Mr. Edgerton asked if there were any questions for the applicant.


Ms. Higgins asked how many events she thought would be enough.


Mrs. Randolph felt that it ought to at least allow two events per weekend, but actually she did not think that a number should be put on it.  She suggested that the limitation be that there could only be 12 events of a certain size because a rehearsal dinner of 40 people was not a big deal. If someone goes to the expense to do this she felt that they should not be so limited.  If someone goes to the expense of getting their home ready for garden week, which she felt was similar to her proposal, that she felt that they should be able to get the people through there and have a lot of events and then be able to leave town.


Ms. Joseph asked since this was in the supplementary regulations does that mean that they change that per applicant.


Mr. Edgerton asked if there was any other member of the public present that wanted to speak on this matter.  There being no public comment, the matter was placed before the Commission.


Mr. Kamptner stated that under Section 5.1 is the ability to waive that requirement.  The applicant would need to ask to waive the limitation of 12, which was selected because that was what was in the farm winery regulations.


Ms. Joseph stated that this would not limit someone to 12.  If they could come in with a reasonable request that makes sense because it was site specific in whatever they were doing, then that number could increase.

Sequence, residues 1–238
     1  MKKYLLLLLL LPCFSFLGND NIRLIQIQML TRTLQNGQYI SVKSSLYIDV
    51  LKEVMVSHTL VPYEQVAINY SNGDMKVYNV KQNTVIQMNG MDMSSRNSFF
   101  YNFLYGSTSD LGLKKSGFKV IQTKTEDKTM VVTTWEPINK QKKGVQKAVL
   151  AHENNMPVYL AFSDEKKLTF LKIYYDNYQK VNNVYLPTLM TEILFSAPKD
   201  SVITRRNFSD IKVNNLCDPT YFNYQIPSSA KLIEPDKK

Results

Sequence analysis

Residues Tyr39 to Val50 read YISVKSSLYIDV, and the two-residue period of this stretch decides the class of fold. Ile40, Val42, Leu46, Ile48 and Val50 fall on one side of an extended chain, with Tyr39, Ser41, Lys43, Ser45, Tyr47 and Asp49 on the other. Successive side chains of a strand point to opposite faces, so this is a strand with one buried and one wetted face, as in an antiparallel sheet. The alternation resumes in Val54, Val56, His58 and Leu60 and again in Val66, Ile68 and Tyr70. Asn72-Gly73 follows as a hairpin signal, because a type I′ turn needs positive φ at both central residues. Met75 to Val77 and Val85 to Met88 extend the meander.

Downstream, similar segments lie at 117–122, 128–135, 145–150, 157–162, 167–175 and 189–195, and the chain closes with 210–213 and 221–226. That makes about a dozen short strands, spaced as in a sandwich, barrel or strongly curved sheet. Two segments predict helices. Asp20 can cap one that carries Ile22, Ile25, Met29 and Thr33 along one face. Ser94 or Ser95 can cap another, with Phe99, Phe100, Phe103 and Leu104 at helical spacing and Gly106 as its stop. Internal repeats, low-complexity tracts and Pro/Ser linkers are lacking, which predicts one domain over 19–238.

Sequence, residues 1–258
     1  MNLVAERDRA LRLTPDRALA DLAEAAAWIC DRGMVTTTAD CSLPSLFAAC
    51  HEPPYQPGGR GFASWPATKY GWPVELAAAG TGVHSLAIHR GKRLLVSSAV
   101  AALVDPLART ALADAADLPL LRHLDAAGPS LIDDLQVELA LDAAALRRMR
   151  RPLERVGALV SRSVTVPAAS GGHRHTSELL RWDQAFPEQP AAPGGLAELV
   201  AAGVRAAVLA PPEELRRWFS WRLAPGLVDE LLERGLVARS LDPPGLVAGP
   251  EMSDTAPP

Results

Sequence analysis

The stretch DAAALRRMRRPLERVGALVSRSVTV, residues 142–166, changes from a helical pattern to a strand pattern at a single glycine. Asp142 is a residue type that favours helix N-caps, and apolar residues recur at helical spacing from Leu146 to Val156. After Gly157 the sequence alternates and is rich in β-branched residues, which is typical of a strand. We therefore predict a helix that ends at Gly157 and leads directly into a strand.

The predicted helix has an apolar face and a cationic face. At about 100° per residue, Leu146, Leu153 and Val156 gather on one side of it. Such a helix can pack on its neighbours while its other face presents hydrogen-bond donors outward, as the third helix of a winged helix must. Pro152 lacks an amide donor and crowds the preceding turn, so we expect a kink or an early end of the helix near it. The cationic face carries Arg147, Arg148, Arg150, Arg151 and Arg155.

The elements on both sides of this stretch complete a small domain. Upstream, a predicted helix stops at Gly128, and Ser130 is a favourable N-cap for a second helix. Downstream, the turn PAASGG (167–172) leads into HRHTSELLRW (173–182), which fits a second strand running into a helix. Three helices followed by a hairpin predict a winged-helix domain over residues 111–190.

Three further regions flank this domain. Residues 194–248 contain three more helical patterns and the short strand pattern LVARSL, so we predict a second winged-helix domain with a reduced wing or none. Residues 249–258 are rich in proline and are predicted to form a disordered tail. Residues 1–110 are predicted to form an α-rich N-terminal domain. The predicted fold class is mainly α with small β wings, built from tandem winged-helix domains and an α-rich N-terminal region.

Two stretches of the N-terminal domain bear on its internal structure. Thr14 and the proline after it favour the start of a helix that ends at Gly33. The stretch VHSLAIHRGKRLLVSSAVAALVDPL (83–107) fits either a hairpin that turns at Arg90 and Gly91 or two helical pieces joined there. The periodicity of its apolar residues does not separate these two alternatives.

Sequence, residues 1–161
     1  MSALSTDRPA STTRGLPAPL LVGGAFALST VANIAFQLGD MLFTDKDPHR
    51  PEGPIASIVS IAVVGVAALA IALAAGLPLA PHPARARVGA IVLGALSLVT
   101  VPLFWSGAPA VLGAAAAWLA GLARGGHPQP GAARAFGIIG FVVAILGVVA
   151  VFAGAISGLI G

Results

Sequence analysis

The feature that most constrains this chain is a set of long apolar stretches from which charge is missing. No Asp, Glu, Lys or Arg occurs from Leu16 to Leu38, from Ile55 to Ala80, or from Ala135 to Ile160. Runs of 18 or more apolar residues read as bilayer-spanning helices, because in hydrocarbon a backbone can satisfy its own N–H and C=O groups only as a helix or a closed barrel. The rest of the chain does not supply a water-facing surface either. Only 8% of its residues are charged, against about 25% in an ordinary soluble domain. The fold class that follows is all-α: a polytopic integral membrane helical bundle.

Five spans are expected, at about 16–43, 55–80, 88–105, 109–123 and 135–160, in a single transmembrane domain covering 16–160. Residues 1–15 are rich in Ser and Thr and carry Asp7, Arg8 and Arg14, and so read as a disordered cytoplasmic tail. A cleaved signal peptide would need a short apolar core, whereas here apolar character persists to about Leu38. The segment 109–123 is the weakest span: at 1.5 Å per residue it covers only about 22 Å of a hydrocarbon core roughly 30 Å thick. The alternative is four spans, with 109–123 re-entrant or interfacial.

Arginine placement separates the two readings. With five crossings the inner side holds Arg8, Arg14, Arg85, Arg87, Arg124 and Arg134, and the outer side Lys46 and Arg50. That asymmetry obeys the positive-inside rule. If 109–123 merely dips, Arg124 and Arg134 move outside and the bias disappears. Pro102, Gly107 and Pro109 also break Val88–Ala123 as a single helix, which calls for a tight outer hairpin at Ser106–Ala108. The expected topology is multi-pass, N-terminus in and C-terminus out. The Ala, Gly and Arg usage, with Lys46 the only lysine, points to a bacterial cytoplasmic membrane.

Mr. Kamptner stated yes, and that the Commission could impose additional conditions on the waiver.


Mr. Thomas asked if the event could last more than two or more days.


Ms. Higgins asked if they could define events.


Mr. Kamptner stated that it already allows up to 3 days.


Ms. Higgins questioned if Garden Week would fall under this category.  She pointed out that it was advertised and many people visit the homes.  She questioned the wording, “lawful conforming structures” and if they were trying to limit it to structures that comply with current setbacks.  She voiced this concern because staff has to go through these concerns.  She suggested using the wording that “the exterior is maintained.”  She felt that if an existing structure is not safe and not usable that they shouldn’t encourage the structure to be restored.


Mr. Thomas stated that it sounds like this is too restrictive for the purpose that this particular applicant wants to use it.  Overall, it is just too restrictive and too broad.  If he was the planner and had to interpret this that he would probably never have someone plan a wedding.  He felt that it would not work.  It is just too restrictive for some reason.


Mr. Craddock asked if Clifton has a lot more events and a lot more people.


Mr. Benish stated that Clifton’s situation is where those types of uses are considered accessory to a by right primary use, which is an inn.  Therefore, it does not require a special use permit.  For a resident to be able to do this on a regular basis it would require a special use permit. 


Mr. Rieley suggested that the Commission go through some of these regulations and try to form a consensus.  He agreed with Ms. Higgins about d)1 and iii) on page 14 that the structure shall be restored as faithfully as possible. 


Mr. Edgerton agreed.


Ms. Joseph stated that the idea was to be able to reuse or for adaptive reuse of historic structures.  She felt that was where that came from.


Mr. Kamptner stated that the regulations as written are limited to historic structures. 


Ms. Higgins felt that the intent was a good one here, but she could see it being hard to interpret and more restrictive.